new RegExp(variable) constructor instead of writing /variable/. After looking through the web I also found a way to add special characters like ^ and $ to specify precisely what I want to match. The syntax for this is:
var myReg = new RegExp('^' + variable + '$');
But I wanted to match the word boundaries, the modifier for this would be ‘\b’ but it didn’t work like that:
var myReg = new RegExp('\b' + variable + '\b');
var myReg = new RegExp('\\b' + variable + '\\b');
I don’t know if anybody is aware of this, I wasn’t and I think it is kind of unexpected since the literal version of this /\\b/ would match a backslash followed by a ‘b’.
Maybe backslashes are used as escape characters, enabling you to write ‘\” (string containing a single quote). Single backslashes have a special meaning, so we need to write it twice for the _meaning_ of “backslash”, just like in PHP?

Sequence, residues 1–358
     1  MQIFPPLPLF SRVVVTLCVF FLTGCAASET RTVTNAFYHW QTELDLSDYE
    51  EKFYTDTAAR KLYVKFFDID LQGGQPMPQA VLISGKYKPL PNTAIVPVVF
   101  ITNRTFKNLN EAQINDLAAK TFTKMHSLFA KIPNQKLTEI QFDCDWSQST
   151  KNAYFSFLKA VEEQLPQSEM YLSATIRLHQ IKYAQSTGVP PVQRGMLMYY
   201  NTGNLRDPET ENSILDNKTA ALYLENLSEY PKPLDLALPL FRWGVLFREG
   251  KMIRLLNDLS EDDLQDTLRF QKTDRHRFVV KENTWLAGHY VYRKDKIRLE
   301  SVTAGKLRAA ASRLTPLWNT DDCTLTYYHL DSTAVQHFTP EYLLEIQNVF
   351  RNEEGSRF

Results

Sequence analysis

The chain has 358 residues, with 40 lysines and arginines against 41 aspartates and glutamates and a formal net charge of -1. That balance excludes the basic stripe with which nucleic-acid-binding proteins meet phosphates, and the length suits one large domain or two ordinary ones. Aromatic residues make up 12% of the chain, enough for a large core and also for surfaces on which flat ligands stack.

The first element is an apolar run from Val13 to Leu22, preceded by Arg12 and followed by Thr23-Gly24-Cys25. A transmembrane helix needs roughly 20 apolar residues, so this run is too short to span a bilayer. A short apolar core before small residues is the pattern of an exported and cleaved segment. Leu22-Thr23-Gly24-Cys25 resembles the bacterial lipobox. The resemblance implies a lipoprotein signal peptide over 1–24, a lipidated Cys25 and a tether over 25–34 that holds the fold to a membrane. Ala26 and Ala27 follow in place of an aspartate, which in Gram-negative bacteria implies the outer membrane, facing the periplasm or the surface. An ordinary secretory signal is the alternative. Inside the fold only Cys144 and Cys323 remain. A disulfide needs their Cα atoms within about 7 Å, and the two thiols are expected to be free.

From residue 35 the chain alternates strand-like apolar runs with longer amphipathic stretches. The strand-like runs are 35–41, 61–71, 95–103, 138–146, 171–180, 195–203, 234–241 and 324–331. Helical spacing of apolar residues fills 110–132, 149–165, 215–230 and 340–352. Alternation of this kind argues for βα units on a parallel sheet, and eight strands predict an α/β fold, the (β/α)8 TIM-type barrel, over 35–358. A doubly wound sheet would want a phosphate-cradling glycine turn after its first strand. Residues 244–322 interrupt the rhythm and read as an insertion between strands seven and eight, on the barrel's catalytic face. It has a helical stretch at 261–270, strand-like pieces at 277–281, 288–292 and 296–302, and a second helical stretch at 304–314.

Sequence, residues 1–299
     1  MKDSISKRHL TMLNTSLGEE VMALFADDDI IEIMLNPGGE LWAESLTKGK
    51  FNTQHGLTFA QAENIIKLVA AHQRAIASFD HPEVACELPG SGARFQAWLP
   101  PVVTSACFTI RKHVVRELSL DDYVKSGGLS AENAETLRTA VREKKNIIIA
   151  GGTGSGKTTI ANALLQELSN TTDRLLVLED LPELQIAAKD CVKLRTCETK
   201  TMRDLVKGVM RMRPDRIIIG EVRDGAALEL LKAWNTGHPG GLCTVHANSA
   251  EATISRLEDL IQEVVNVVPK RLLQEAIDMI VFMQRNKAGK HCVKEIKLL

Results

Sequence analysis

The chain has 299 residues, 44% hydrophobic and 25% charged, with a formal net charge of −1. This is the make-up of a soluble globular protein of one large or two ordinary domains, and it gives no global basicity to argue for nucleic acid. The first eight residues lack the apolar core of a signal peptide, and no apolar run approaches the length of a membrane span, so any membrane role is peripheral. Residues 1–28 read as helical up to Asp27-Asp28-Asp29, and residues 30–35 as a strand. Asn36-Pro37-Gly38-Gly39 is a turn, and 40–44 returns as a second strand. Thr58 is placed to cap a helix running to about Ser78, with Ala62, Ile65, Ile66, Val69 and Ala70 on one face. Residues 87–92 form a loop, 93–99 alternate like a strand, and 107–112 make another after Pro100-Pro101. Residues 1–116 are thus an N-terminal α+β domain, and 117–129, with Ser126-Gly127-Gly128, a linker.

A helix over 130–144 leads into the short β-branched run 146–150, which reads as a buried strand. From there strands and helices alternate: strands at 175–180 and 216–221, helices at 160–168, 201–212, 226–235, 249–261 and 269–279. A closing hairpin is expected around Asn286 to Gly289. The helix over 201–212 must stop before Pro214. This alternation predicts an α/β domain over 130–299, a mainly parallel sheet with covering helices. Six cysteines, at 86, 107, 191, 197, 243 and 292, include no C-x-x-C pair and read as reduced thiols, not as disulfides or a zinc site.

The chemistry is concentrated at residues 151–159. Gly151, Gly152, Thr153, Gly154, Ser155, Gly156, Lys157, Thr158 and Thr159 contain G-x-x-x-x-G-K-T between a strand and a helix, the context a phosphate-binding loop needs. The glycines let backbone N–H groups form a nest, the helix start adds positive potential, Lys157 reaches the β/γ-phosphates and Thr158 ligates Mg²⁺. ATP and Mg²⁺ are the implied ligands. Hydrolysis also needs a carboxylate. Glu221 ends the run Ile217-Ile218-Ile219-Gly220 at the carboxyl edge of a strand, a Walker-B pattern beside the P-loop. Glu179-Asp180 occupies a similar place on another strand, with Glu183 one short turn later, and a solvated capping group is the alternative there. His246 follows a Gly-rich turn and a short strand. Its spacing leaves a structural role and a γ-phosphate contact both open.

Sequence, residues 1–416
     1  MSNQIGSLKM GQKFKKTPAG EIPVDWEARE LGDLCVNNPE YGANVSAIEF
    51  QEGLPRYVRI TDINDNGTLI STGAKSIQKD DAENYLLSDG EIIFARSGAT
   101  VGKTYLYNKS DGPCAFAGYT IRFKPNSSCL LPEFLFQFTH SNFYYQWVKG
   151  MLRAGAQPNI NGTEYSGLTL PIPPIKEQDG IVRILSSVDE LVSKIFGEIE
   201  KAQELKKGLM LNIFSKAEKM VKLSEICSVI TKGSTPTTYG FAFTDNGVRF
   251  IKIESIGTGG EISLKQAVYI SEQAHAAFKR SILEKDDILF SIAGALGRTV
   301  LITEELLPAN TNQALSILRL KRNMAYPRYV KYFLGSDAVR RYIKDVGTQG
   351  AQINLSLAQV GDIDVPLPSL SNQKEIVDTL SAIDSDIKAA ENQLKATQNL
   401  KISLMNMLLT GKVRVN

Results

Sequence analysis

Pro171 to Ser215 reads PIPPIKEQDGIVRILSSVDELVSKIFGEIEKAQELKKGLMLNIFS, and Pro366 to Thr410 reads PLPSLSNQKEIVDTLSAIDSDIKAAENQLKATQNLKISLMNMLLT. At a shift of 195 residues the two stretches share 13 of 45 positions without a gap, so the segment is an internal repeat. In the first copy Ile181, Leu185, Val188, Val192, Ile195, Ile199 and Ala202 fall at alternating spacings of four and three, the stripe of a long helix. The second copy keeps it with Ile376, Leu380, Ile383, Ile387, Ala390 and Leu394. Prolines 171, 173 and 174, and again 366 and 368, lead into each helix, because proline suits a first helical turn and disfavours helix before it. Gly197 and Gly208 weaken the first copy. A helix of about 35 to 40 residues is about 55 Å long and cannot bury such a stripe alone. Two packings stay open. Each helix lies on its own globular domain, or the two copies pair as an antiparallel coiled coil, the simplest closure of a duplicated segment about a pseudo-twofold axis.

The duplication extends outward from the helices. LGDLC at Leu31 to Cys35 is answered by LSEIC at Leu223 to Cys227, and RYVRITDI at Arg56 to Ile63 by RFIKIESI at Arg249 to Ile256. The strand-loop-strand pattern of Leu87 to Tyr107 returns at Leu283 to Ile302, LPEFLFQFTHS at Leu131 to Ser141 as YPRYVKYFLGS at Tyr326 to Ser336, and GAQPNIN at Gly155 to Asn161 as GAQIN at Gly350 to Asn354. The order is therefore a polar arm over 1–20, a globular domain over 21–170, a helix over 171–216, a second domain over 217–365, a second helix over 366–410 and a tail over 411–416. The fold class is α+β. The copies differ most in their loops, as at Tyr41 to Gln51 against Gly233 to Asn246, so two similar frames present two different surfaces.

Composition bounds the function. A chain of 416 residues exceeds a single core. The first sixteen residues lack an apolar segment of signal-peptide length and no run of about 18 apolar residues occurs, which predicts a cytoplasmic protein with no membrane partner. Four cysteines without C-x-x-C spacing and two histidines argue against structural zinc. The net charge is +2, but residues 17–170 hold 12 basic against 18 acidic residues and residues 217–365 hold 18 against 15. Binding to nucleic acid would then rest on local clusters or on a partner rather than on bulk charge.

This post saved me from hours of headache trying to figure out WHY var myReg = new RegExp(‘\b’ + variable + ‘\b’) was not working.
I owe you a beer!
Hah after all those years I’m glad this is still helpful 🙂 Beer can be arranged if you’re ever in Berlin / Germany 🙂
How can I use “var myReg = new RegExp(‘\\b’ + variable + ‘\\b’);” with case insensitive ( \i ) ?
var myReg = new RegExp(‘\\b’ + variable + ‘\\b’, ‘i’)
The following (using four escapes) works in my environment: Mac, safari Version 10.0.3 (12602.4.8)
var myReg = new RegExp(‘\\\\b’+ variable + ‘\\\\b’, ‘g’)
posted in 2006 and iam learning it in 2021. that amazing. thanks for this post man